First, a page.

At the height of Christmas shopping season, Music Industry Piracy Investigations (MIPI) and the Australian Federation Against Copyright Theft (AFACT) urge consumers to be vigilant when buying music and movies from market stalls and some retailers.
Don’t get ripped off this Christmas. Here are some tips in identifying pirated material:
- The back of a legitimate disc is likely to be silver, however a burnt CD/DVD will be on a CD-R or DVD-R with a blue, green or gold back;
- The back centre hole of a legitimate CD/DVD carries the manufacturer’s identification number and bar code hologram, whereas a burnt CD-R/DVD-R may be labelled as a CD-R or DVD-R;
- The packaging of pirated CDs/DVDs can often be an indication – look for spelling mistakes, poor quality, and colour distortion;
- Music from countries like China, Indonesia and other Asian or South American countries should be treated suspiciously – China has 85% piracy rates and Indonesia 87% piracy rates for music;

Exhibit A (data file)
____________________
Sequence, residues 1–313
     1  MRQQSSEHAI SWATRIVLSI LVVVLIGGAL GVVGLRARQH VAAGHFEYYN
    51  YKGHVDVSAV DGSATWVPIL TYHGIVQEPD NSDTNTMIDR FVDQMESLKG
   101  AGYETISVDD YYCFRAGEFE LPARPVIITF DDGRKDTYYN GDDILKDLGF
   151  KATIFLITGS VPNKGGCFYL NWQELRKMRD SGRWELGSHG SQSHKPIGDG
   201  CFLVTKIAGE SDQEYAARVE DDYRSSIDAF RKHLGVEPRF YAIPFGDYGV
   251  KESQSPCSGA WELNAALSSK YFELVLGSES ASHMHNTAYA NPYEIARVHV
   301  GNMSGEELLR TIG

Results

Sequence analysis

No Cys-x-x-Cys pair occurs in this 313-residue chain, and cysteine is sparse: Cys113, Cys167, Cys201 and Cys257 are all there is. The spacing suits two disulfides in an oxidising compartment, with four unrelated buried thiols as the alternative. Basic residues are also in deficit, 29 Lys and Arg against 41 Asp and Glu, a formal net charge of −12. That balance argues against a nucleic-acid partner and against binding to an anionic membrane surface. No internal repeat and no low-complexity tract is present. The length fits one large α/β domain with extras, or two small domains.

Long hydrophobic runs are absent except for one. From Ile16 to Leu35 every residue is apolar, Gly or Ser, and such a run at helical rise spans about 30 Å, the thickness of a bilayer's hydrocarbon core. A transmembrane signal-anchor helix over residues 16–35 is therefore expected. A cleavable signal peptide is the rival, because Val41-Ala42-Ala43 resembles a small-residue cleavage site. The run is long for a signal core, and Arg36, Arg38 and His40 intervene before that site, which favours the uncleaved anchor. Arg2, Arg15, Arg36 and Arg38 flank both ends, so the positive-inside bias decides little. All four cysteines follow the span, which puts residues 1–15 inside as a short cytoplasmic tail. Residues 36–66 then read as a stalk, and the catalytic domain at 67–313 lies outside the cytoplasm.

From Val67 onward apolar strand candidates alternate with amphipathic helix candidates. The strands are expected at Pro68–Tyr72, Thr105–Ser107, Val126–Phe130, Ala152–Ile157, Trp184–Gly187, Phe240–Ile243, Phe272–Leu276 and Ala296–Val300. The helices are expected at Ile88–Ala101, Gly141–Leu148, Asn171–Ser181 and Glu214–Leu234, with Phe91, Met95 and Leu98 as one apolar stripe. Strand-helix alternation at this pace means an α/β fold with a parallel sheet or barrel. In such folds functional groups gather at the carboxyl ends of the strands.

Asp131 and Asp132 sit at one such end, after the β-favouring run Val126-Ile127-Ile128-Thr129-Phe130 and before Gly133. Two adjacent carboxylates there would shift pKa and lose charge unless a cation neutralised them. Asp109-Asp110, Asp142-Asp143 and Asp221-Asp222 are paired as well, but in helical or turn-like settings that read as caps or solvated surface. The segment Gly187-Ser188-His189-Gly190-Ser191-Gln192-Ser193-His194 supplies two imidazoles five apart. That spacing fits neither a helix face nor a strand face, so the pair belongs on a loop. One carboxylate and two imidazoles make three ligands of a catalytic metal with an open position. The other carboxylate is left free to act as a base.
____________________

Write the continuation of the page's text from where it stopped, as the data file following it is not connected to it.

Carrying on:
- An excessive number of tracks on a CD can be an indication that it is pirate product, particularly for karaoke and ring tones;
- Be careful when buying live performance CDs or DVDs – many of these are illegal “bootleg” copies of poor quality;
- Probably the best indicator of an illegitimate product is its price. Use your judgment to ascertain whether the price is a reasonable one or not; and
- High-quality counterfeits that look and feel like the real thing are often very difficult to detect. If in doubt, contact MIPI or AFACT.
Music Industry Piracy Investigations (MIPI) is the anti-piracy organisation for the Australian music industry. MIPI represents close to 125 music labels through their association, ARIA and over 1,700 music publishers and songwriters through their association, AMCOS.
MIPI operates a free-call anti-piracy hotline at 1800 06 16 16 or visit www.mipi.com.au
AFACT acts on behalf of the 50,000 Australians directly impacted by copyright theft including independent cinemas, video rental stores and film and television producers across the country. AFACT works closely with industry, government, police and educational institutions to address copyright theft, and to protect the interests of the film and television industry.
AFACT operates an anti-piracy hotline: 1800 251 996 or visit www.afact.com.au